On this matter, Adam Basanta acknowledges the problem and says that we might be inclined to make compositional decisions influenced by the software we use. “Some things have less resistance to them because of the software. Logic is completely different from ProTools.” He adds that it is up to the composer to be aware of that and to avoid being completely influenced by the software or the tool. Democracy is a double-edged sword, something we can see as far back as at the time of the Greeks, the fathers of the democratic political assembly as we know it today. “Everyone has the right to vote, but not everyone has the education to make the right decision.” All the panelists agreed that each media has its own limitation. Whether we are talking of a piano, a score, or Ableton Live, every instrument conveys a vision as to what the music should be like.
It is true that presets “belong” to those who create them and the composer must re-appropriate them and make them his own if he does not want his work to sound like the work of someone else using the same tools. Still, Myriam Bleau emphasizes their positive effect, pointing to the fact that they help save time: it is useless to reinvent the wheel every time, so presets help avoid work that could otherwise be tedious.
All those matters brought the focus of the discussion on the do-it-yourself approach typical of today. Traditionally, a composer would write a score and would give it to a performer who would play it on a violin made by a violin maker in a workshop. Once recorded in a concert hall by a sound engineer, the performance would be mixed in a professional studio, then sent to a mastering studio before being cut on a vinyl record or burned on a CD, etc. Whereas every step of the musical creation was once realized separately by a professional and in a specialized venue, now it can all be done by the same person in one place and sometimes at incredibly low costs.
Nicolas Bernier says he does not relate to a rather obsolete separation of tasks and pleads for a holistic approach to creation. “I don’t care if I’m being a composer or whatever… I just do a work, whatever it means… It’s a project as a whole. I’m an artist who uses whatever discipline to make a project.” Adam Basanta replies by saying that there are different steps. The initial idea is present, changing along the whole process and passes through different stages where one builds a physical object or an instrument, experiments with it, compiles excerpts from these experiments to turn them into music, etc.
This exploration of an instrument, as Basanta describes it, raises the question of instrumental practice and virtuosity. Instruments like the violin, the guitar or the drums can take several decades to be mastered. Certain inventors like Jean-François Laporte will spend their whole life mastering their instruments, but this is less an issue for a digital artist like Myriam Bleau. She says that virtuosity finds its meaning with the public if it knows the instrument. Traditional instruments bear a historical, cultural and semantic background with which the public is familiar, which is not the case with digital music instruments the public does not know.
For Gabriel Dharmoo, the task of mastering an invented instrument amounts to composing as a chore. “I love the rehearsals, working with the performer. But I hate composing. It’s hard! The process of making art should be enjoyable.” Basanta agrees: “At times, I feel like I’m punishing myself for months.”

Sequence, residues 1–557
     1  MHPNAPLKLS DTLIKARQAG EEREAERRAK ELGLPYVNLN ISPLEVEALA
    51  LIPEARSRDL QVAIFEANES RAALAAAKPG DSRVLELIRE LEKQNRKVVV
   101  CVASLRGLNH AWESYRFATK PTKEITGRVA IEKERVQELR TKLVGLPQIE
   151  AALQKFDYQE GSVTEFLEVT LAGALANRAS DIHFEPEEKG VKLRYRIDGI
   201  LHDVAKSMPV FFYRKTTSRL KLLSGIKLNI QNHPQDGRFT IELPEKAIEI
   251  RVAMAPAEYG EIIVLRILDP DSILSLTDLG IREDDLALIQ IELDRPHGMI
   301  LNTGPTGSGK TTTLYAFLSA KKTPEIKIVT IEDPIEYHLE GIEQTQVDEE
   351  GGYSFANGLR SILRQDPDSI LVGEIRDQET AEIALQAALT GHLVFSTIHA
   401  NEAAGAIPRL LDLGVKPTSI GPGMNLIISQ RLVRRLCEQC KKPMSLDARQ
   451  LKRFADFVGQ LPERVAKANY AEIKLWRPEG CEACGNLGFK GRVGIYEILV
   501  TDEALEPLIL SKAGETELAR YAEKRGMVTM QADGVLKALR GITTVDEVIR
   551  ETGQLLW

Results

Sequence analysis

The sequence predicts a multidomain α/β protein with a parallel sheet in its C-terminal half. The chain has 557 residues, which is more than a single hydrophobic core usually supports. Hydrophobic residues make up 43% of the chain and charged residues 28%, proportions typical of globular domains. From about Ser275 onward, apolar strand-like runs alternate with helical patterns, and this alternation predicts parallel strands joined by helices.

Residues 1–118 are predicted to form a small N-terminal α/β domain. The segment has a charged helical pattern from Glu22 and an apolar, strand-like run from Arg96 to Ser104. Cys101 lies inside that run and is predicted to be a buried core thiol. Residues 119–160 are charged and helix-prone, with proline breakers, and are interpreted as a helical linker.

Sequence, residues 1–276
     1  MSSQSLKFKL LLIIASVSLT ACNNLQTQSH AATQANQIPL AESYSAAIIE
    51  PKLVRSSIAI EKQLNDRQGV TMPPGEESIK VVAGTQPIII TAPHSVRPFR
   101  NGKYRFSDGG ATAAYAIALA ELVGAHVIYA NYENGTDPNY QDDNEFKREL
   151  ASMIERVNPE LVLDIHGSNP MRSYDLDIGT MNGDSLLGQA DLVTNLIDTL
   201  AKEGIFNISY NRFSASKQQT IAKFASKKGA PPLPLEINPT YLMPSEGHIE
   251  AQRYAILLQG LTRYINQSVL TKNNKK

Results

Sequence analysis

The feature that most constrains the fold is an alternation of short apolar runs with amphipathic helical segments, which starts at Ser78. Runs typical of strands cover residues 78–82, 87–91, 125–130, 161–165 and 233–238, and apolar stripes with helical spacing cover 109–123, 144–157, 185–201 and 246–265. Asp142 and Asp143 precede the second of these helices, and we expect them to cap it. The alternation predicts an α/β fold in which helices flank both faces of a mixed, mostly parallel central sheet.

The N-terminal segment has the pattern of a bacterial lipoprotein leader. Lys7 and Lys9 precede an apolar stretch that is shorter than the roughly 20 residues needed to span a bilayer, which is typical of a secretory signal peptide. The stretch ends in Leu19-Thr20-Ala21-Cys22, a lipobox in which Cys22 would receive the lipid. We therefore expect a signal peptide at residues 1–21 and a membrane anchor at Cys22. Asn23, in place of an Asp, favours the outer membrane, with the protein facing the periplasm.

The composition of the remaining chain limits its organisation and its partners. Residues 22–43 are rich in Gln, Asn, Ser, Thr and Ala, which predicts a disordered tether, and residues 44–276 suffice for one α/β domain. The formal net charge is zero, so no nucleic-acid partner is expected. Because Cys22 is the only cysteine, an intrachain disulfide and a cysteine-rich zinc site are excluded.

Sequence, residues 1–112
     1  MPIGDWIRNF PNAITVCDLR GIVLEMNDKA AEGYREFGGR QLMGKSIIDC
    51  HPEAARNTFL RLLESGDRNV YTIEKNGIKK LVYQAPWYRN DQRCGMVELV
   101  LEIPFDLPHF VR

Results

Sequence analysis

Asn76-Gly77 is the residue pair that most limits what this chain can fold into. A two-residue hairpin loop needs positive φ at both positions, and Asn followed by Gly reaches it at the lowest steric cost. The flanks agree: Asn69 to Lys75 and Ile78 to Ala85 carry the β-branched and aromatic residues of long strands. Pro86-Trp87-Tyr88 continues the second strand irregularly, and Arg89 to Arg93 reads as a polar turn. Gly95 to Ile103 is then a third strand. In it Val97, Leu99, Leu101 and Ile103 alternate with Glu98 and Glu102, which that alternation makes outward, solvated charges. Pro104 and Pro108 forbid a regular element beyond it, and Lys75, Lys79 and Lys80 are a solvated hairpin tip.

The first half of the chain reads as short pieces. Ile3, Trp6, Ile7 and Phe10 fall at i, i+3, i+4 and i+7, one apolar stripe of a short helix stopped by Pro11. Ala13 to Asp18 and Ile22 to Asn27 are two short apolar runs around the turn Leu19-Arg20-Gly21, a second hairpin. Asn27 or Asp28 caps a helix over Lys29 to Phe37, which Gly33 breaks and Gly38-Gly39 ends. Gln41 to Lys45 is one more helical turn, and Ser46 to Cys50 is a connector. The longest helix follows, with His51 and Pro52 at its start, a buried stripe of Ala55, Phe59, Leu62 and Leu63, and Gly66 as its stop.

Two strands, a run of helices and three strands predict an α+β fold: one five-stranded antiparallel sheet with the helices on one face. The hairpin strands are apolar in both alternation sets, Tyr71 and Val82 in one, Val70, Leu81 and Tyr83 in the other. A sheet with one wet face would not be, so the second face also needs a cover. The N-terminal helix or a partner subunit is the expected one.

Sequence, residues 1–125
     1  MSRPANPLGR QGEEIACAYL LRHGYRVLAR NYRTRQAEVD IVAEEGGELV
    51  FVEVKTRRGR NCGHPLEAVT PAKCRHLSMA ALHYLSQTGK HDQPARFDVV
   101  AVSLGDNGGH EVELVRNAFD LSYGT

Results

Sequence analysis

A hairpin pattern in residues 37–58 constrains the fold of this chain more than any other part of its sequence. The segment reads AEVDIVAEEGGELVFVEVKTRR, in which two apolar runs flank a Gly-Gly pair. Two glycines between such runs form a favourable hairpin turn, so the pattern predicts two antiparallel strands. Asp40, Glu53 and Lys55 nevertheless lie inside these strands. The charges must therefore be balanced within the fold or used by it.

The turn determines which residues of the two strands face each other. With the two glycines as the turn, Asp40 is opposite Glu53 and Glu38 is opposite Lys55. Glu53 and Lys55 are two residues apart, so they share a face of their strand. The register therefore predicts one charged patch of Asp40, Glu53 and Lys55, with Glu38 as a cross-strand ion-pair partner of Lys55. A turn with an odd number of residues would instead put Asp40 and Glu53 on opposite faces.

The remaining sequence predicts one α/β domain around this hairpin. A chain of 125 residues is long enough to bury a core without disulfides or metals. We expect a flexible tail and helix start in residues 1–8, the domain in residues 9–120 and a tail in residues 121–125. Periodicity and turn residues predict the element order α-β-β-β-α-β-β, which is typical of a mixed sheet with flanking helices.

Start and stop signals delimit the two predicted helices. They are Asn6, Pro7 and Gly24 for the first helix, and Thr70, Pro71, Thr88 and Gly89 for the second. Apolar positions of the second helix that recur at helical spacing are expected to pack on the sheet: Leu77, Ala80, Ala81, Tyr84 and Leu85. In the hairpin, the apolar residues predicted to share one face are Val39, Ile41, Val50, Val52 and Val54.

The discussion ended on the question of the legacy of the digital works—their longevity—and more precisely of their archival value. For Patrick Saint-Denis, the fact that certain performances are realized with software doomed to be obsolete within five years brings us closer to a certain form of hi-tech oral tradition. How do artists deal with the possibility of seeing their works disappear? Nicolas Bernier argues that his performances are not made to be seen in any other way than live and that some works are difficult to archive. CMC Québec’s Regional Director Claire Marchand reacts to that by saying that a work not archived is a loss from the point of view of the collective heritage. She insists on the importance of keeping a thread through history. After all, that is what she does on a daily basis; the CMC is currently working on the digital transfer of 8000 works stored in its vault. Scores, VHS tapes … some of these works date as far back as 1920!
More familiar with composition for instruments, Dharmoo says that this notion of legacy was particularly important during his studies at the Montreal Conservatory of Music. “One must create something that works on all angles. We question every note we write because this will be preserved. This is what we leave to history!” And he criticizes this approach typical of white western culture. Adam Basanta argues that the score, the ideal piece of archives, is not really the piece. It is only a piece of the puzzle, it offers a glimpse of the work but doesn’t allow us to really grasp it: “If you weren’t there to hear it, then you haven’t experienced it.”
Erin Gee closes the discussion by sharing her experience in fine arts and computer music where archiving has taken on many different forms. The open source culture, where the code to realize or modify a program is free to use, allows us to share our work rather than our personality which becomes somehow anonymous. In the field of visual arts, one can sell performances simply by sending an email saying, ‘You are authorized to reproduce my work.’ “There are so many rich territories for what documentation means that have already been explored.”